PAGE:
Investors have capitulated so much, they’re bullish
Author: Dan Suzuki, CFA, Deputy CIO
We’ve all heard the famous Yogi Berra quote, “Nobody goes there anymore. It's too crowded.” Investors today seem jazzed up on an opposite but similarly absurd concept: Wall Street thinks it’s a huge buying opportunity because everybody’s too bearish.
We think true investor capitulation is a ways off
The topic du jour is investor “capitulation,” the idea that investors have given up hope in stocks as an attractive investment. With such immense bearishness embedded into today’s stock prices, some suggest now is the time to add significant equity exposure. To be sure, markets very well may be oversold technically, and we think the long-run outlook for stock returns has improved markedly since the start of the year, but that is very different from saying the markets have bottomed. If everybody is itching to get into the market at the bottom, it probably means we are still quite a ways from true capitulation. Here are seven other signs that suggest that investors have yet to capitulate (see accompanying charts on following pages):
Valuations are still elevated. While down significantly from the peak, the S&P 500® still trades at a premium to history on forward P/E (16.6x vs. the long-term average of 15.5x) based on EPS forecasts that are still near a potential cyclical peak. Stocks also trade rich on a cyclically-adjusted basis, which admittedly has its flaws (29.9x vs. long-term average of 17.3x). (Chart 1)
Wall Street is pretty neutral on stocks. While Wall Street strategists have gotten more cautious, their recommended equity allocation of 54.6% is only slightly below the long-term median of 56.2%. (Chart 2)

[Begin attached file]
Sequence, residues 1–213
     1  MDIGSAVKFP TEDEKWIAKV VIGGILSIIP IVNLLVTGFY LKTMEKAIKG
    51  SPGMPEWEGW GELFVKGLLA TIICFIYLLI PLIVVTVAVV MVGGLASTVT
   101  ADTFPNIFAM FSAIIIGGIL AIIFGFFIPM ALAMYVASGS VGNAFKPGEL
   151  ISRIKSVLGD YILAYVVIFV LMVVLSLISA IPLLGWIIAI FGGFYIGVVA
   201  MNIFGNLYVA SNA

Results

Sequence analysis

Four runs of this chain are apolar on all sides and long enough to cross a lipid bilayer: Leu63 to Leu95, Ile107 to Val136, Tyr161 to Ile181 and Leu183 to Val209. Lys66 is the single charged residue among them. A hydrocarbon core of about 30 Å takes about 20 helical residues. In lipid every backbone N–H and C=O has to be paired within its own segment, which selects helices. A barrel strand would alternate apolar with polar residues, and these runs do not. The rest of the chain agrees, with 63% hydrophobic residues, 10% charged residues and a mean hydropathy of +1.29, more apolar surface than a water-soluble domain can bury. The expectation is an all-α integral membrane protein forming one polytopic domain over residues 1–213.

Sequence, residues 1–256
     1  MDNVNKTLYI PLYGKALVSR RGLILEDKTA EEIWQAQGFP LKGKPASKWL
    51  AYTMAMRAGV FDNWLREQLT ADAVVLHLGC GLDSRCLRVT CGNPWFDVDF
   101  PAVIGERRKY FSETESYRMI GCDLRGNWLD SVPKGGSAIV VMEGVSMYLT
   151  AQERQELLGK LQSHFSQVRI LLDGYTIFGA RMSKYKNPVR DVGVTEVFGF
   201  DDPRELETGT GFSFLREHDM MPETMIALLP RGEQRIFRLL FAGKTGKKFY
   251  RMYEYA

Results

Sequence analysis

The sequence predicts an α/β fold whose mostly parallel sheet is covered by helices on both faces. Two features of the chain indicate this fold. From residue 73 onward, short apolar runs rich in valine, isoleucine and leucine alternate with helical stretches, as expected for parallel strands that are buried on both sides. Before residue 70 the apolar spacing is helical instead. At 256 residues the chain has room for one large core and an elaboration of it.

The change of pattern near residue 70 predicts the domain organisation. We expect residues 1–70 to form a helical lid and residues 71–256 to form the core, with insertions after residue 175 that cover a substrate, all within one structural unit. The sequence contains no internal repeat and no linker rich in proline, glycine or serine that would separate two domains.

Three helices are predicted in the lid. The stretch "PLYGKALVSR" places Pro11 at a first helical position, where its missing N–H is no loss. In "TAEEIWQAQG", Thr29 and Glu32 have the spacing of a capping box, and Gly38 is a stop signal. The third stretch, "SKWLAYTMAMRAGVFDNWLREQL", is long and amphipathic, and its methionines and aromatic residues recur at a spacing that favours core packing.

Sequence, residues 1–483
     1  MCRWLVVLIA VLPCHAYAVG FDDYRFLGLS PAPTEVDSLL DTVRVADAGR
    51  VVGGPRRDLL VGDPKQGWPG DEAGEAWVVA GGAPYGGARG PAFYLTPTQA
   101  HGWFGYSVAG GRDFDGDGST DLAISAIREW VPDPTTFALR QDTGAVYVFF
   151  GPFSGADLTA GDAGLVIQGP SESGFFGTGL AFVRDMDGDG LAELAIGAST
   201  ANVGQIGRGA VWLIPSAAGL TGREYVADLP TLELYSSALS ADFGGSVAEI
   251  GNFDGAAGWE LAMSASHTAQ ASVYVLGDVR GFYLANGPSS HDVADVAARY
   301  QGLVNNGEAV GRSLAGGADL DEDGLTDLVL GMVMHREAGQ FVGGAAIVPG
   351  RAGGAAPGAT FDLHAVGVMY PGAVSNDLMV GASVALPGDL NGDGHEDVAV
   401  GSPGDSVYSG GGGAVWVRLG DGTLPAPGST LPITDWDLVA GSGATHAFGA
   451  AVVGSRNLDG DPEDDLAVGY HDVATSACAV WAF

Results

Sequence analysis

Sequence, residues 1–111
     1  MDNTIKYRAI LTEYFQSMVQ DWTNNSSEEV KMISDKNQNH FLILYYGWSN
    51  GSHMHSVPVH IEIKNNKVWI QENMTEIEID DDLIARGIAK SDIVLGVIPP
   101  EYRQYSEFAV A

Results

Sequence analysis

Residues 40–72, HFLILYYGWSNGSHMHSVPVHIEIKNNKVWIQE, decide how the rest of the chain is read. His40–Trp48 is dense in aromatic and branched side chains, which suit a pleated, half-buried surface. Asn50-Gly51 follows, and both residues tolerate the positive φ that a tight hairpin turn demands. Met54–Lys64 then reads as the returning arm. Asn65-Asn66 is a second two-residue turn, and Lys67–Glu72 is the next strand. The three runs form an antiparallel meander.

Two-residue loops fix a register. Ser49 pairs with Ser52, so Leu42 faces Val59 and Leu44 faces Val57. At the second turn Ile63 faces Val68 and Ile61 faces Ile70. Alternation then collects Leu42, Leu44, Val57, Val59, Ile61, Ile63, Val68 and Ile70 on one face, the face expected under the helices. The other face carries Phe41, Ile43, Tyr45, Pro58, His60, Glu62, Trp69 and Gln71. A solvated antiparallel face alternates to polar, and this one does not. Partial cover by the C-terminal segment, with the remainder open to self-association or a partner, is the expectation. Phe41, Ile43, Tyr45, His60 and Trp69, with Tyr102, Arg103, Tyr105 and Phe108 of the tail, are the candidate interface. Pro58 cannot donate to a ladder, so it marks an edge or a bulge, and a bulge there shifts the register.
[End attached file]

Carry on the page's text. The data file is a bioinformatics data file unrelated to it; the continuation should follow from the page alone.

Analysts are the most bullish in a decade. Of all the Wall Street analyst ratings on stocks, 57% are Buy ratings vs. the 53% 5-year average, near the highest in over a decade. (Chart 3)
Traders aren’t panicking. The CBOE Volatility Index (VIX) below 25 and CBOE ratio of equity puts to calls below its historical median suggests that traders aren’t panicked or fleeing for downside protection. (Charts 4 & 5)
Bubble stocks still dominate portfolios and headlines. Despite the bear market and ever-tightening liquidity, the market’s concentration in bubble stocks has barely budged from the peak. In the last Tech bubble collapse, the share of the S&P 500® market cap in Tech and Telecom stocks went from 41% to 16%. This time it’s only gone from 40% to 37%. (Chart 6)
US household equity allocations are near record highs as of the first quarter. Even if these fell by as much as the biggest quarterly drop in history (during the pandemic), they would still be in the 92nd percentile of their historical range. (Chart 7)
Investors are still buying. Perhaps most importantly, it is hard to call for capitulation when investors are still buying stocks. According to Bank of America, their client equity flows actually accelerated last week to $2bn, with participation from all client types except hedge funds. (Chart 8)
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